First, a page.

Creating a Python XPCOM component

  • Revision slug: Creating_a_Python_XPCOM_component
  • Revision title: Creating a Python XPCOM component
  • Revision id: 127028
  • Created:
  • Creator: Andreas Wuest
  • Is current revision? No
  • Comment The writing of this article does not meet MDC's quality standard

Revision Content

"Creating Applications with Mozilla" already provides a tutorial for making a simple javascript or C++ component (with the nsISimple interface), here is how to make the same component in Python.

(Note that some details may be missing)

Preparation

The PyXPCOM library is, normally, already provided with Mozilla. You do not want to download it from here - that is an old version, and won't work as well (I remember I had some problems with it, though I don't remember which ones). All you need to do is tell python where he can find the PyXPCOM library. This is probably best done by adding a "mozillalibs.pth" (any name goes) to your python site packages directory (mine is at "/usr/lib/python2.3/site-packages"), with only one line, the location of the packages you may want to import (the "/dist/bin/python" of your mozilla source).

Then you can do

import xpcom

in any Python module (mostly, you'll do it in your component).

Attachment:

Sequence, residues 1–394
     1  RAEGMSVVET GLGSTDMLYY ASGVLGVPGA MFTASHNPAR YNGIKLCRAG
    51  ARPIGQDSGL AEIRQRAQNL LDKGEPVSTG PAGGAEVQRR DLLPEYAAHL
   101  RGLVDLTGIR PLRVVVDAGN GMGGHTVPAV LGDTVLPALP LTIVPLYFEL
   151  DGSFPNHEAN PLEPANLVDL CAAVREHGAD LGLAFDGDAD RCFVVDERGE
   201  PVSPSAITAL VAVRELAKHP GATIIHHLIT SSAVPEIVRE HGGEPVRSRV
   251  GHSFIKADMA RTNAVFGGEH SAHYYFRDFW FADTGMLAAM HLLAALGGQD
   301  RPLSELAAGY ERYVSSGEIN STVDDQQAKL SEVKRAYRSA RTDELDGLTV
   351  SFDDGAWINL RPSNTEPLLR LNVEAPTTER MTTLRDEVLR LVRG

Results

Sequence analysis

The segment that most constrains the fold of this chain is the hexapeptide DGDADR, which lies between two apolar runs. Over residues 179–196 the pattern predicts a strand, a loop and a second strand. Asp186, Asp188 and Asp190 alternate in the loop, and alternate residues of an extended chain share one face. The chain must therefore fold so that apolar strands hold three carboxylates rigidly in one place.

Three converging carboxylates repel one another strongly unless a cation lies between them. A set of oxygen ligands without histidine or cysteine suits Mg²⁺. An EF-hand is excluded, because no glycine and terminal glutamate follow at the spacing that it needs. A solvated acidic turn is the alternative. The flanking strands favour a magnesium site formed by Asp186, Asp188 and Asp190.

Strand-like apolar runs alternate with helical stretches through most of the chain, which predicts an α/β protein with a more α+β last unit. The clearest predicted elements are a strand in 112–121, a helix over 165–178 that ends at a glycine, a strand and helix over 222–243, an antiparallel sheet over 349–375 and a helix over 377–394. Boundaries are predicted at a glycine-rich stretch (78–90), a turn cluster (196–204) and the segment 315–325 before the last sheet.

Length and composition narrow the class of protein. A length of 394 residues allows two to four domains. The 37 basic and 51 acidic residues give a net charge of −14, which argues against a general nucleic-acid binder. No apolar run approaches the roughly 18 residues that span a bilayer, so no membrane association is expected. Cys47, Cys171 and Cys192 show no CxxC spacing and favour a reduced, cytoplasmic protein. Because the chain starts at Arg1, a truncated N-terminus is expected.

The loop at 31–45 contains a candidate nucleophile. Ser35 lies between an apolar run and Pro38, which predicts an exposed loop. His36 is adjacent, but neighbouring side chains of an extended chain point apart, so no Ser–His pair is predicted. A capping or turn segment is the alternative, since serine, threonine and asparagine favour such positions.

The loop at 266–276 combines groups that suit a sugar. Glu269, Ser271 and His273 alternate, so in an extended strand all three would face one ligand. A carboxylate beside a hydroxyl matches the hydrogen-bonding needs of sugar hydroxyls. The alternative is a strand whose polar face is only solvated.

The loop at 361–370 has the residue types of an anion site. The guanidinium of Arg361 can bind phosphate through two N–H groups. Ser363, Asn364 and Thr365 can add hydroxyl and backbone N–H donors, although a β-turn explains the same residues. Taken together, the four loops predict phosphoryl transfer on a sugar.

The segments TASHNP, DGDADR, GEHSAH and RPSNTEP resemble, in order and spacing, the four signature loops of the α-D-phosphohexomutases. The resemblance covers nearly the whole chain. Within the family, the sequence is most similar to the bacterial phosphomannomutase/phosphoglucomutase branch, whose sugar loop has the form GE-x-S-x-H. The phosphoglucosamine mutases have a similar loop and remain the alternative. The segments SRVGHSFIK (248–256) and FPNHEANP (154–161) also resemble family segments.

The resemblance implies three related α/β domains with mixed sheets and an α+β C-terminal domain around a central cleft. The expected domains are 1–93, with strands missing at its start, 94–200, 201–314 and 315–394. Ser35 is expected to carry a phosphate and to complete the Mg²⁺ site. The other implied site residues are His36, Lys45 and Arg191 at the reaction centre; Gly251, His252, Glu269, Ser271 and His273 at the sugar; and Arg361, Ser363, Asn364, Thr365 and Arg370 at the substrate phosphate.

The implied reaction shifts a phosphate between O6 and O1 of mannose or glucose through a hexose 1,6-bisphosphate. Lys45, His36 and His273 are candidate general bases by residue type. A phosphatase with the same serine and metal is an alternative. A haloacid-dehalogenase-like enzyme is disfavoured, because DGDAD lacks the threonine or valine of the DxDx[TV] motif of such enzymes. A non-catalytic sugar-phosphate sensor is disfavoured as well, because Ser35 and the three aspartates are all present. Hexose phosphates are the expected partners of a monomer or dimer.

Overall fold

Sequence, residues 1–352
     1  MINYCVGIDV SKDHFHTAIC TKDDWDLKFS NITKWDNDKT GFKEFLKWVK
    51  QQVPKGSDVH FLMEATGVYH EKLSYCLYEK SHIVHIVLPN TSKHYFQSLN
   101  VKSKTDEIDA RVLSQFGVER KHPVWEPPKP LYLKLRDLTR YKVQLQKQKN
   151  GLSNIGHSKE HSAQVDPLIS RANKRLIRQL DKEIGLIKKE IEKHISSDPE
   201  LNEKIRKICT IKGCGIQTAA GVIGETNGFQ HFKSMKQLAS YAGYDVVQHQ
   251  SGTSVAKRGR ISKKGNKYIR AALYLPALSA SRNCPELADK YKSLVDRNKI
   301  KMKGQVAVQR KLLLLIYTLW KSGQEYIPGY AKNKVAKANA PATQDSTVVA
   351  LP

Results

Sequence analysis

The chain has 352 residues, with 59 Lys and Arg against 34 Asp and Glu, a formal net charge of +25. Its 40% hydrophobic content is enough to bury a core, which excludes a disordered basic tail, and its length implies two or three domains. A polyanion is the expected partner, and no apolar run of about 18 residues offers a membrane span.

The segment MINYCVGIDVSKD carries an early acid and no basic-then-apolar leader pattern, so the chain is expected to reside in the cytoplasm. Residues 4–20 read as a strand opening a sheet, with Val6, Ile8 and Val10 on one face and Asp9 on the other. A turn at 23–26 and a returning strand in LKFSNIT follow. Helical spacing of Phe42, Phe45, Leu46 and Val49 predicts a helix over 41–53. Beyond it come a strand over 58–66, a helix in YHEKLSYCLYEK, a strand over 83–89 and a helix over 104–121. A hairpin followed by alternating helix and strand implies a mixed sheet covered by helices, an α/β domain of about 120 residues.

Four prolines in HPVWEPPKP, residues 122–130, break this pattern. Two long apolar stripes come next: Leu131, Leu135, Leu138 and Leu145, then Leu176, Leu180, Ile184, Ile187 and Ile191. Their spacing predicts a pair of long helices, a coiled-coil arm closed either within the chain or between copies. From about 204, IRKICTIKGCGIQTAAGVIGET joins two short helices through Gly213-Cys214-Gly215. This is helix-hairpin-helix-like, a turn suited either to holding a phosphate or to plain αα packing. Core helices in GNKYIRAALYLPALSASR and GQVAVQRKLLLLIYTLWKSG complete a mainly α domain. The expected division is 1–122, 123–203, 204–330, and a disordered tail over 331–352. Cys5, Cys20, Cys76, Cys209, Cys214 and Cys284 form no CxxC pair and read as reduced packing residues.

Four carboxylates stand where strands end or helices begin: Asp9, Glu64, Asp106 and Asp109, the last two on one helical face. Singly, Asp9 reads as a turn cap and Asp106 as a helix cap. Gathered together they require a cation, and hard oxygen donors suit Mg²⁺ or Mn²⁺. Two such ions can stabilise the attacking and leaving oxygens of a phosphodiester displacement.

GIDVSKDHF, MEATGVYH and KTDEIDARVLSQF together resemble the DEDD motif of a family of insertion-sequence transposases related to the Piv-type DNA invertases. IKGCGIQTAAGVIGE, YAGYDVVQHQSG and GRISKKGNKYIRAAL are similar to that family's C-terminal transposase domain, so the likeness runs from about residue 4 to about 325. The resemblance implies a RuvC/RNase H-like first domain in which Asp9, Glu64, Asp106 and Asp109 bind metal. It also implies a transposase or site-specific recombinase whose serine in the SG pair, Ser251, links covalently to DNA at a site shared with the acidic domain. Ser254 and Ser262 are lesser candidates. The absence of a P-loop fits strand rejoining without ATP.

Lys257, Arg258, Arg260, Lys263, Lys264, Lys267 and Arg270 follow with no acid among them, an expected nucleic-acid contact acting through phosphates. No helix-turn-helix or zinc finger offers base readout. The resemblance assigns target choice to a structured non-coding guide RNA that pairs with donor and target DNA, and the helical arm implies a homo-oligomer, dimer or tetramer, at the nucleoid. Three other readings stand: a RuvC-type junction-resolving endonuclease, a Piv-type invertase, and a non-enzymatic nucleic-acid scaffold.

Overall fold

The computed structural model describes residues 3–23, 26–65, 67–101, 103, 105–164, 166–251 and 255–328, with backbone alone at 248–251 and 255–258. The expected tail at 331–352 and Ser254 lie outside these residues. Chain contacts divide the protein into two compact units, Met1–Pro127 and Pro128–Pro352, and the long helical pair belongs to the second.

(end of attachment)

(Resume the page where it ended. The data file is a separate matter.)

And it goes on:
You will also need your Mozilla to handle Python. This may require special compilation (at least, it did so for me, I recompiled the whole damn thing, it takes hours). Apparently it's possible to [the PyXPCOM stuff seperately], I haven't tried. I did this with Deer Park 1.5 Beta 2 (recommended for extension development), it should be possible with older versions, but details might vary (That shouldn't matter much, since I haven't recorded all the details here).

Anyway, to build Mozilla, you should get and compile the source, with the right options in the .mozconfig file (in the root of your mozilla source). I used the following:

. $topsrcdir/browser/config/mozconfig
mk_add_options MOZ_OBJDIR=@TOPSRCDIR@/fb-opt-static
ac_add_options --enable-optimize
ac_add_options --disable-debug
ac_add_options --enable-static
ac_add_options --disable-shared
ac_add_options --disable-tests
ac_add_options --disable-short-wchar
ac_add_options --enable-extensions=default,python/xpcom

(The two last lines are the most important for us)

Then, launch the build !

Defining the interface

Make a file named "py_simple.idl", to define the interface: